Doing so is meant to remove stigma and shame, allowing people to receive support and aid for whatever they feel ails them. It's also meant to remedy loneliness by providing comfort and reassurance to anyone secretly suffering the same issues.
Furthermore, being so open about yourself and your struggles/illnesses/addictions theoretically encourages patience and forgiveness on the part of others.
And so people are encouraged to be open about dealing with their own ADHD, depression, bipolar disorder, addictions, eating disorders, abuse, their failings, and much more.
Discretion & Caring CAN Go Together
Endearingly, she apologized both at the beginning and the end of the email for "getting so personal" and sincerely hoped she hadn't "offended anyone" by going into so many "personal details."
After a lifetime of confessional bombardment, I found her delicacy downright charming.
I remember the big push in the Eighties for alcoholics to come out of the closet and get treatment.
But years later, a couple of articles came out questioning the no-holds-barred approach. Former alcoholics discovered it was difficult for others to put the alcoholic's past behind them as readily as the alcoholic had.
After years of sobriety and stability, the self-proclaimed alcoholic no longer centered his life or identity around his former addiction...but others still did.
Furthermore, people sometimes encounter rejection and discouragement when they reveal feelings or experiences that the listener simply cannot handle, which makes the speaker feel even worse.
Needless to say, I don't think we should go back to the times when disabled children were kept out of sight or shipped off to institutions and kept hush-hush.
But I think there's a balance between extremes.
Being a True Friend
As far as he's concerned, one should only reveal the minimum necessary for a friend to understand where you need chizuk. In return, that friend should provide the following:
- soul-restoring words
- happy talk (cheer you up, maybe?)
- encouraging words
- words of Torah
- doing good (maybe doing practical favors, like loans or babysitting)
- seek your good points and allow you to seek his or her good points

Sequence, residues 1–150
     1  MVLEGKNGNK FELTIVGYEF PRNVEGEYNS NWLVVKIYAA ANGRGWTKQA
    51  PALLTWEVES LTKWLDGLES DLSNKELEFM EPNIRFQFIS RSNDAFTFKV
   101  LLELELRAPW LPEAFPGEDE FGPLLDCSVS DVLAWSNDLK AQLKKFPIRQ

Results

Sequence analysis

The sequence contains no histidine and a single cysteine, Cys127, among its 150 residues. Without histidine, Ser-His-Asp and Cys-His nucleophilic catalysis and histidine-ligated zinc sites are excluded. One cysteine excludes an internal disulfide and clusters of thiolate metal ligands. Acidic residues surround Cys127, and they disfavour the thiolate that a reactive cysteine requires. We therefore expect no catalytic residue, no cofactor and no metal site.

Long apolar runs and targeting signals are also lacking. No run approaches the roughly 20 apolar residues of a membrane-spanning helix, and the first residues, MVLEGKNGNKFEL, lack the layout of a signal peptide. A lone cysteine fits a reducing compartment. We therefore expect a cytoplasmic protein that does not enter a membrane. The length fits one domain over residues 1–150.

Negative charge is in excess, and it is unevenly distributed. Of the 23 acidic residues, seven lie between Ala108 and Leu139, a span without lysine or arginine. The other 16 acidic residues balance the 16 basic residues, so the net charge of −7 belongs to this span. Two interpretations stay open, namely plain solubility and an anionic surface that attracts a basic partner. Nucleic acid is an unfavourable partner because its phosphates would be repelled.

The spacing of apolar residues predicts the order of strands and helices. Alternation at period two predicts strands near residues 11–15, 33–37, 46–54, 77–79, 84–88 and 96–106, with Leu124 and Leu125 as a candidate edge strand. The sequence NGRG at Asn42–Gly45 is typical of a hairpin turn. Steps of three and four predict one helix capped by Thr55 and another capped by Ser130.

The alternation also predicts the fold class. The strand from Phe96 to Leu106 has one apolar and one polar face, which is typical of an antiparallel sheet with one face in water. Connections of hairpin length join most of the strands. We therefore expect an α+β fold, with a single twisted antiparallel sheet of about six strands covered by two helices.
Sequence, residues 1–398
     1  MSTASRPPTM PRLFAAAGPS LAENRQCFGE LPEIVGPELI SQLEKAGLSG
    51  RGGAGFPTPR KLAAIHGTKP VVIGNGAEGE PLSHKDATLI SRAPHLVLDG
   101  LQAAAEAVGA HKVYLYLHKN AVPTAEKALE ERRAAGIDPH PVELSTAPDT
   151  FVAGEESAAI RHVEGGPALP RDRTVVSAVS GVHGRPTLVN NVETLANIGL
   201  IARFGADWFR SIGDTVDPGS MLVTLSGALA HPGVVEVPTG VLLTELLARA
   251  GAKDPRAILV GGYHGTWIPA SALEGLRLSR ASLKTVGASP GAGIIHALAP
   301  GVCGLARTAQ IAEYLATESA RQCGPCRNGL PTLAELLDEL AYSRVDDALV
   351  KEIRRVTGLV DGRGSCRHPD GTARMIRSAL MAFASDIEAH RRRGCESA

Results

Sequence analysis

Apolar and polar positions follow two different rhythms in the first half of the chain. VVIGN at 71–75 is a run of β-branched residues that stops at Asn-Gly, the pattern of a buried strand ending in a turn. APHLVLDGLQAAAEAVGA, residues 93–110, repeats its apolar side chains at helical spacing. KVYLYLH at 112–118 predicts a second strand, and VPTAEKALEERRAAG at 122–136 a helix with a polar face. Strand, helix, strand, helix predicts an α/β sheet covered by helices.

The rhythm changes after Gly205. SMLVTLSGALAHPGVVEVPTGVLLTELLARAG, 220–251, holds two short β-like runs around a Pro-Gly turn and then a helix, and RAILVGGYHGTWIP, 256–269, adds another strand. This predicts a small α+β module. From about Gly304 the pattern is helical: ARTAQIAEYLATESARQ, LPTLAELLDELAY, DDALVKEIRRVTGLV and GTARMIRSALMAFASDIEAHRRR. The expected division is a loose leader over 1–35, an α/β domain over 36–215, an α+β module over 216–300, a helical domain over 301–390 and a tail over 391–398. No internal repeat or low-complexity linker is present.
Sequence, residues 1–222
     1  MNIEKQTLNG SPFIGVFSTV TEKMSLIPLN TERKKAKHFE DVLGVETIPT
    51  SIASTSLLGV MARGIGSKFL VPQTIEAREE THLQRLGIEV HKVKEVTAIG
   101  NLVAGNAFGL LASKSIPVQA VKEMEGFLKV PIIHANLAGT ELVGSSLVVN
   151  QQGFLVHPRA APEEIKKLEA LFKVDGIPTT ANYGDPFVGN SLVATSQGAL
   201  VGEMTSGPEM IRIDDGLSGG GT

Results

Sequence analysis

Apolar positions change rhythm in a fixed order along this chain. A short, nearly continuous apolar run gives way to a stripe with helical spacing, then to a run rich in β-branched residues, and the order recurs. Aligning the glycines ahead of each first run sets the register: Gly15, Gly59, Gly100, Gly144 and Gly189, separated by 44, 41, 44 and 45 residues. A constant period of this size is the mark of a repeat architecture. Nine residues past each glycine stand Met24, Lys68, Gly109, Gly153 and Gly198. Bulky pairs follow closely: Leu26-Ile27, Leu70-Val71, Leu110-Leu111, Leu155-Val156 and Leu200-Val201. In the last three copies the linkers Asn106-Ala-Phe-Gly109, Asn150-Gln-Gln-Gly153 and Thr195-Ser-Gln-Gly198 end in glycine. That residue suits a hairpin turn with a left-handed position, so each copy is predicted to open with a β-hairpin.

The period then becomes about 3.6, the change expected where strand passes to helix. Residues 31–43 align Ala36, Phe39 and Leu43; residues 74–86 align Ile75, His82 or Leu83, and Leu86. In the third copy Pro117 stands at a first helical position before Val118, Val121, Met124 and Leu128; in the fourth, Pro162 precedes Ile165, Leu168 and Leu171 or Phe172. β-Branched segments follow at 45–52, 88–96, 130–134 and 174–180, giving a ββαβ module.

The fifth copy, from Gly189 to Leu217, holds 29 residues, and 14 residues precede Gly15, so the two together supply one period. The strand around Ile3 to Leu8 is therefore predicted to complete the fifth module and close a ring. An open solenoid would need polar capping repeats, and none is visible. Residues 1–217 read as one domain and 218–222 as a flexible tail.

The Real Reason for Pain
But I'm trying. Like with all spiritual efforts, it's been a bit of seesaw, but I've made some progress, so baruch Hashem for any forward-motion.
In addition, you also develop an unhealthy dependency on others because you get so used to getting things off your chest to another person, rather than God or your diary. You feel like everything that bothers you is a reason for lashon hara l'toelet, despite how the actual halacha defines lashon hara l'toelet.
But keeping things between you and God isn't repression, it's the healthiest form of self-expression and self-expungement.
Watching your mouth also brings more blessing and relief.
Yes, pouring out your heart to a friend can bring temporary relief (IF the friend responds in the way you need), but it tends to be short-term and shallow. It feels good, which keeps you coming back for more. The relief, though momentary, is very real. But then the problems continue.
Judaism says, "Bracha ba'a b'seter" -- "Blessing comes in secret" or in a hidden manner or undercover.
When someone is really bothering you, and instead of talking about their horribleness to your spouse, your mother, and your 3 best friends, you instead turn to Hashem and thank Him for the atonement, explore the message in their bad behavior, and you daven that the horrible person does teshuvah from love while also noting a good point in their favor...THEN you're most likely to see blessing and achieve relief (albeit not always immediately).
Of course you still need friends, but friends are best kept within a certain framework as described in the bulleted list above.
Hashem sends us pain as a wake-up call to come closer to Him and develop a dependency on Him, and not to come closer and develop a dependency on other people who ultimately can't love you or help you in the way you need most (even if they still love and help you to the best of their abilities -- which is still limited compared to Hashem's Ability to love and help you).